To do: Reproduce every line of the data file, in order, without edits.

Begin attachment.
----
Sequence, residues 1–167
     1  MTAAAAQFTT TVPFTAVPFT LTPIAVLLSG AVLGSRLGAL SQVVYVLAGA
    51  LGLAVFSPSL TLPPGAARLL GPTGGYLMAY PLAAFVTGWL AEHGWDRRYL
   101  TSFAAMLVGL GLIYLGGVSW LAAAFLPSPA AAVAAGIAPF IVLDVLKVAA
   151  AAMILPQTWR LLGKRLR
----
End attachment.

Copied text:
Sequence, residues 1–167
     1  MTAAAAQFTT TVPFTAVPFT LTPIAVLLSG AVLGSRLGAL SQVVYVLAGA
    51  LGLAVFSPSL TLPPGAARLL GPTGGYLMAY PLAAFVTGWL AEHGWDRRYL
   101  TSFAAMLVGL GLIYLGGVSW LAAAFLPSPA AAVAAGIAPF IVLDVLKVAA
   151  AAMILPQTWR LLGKRLR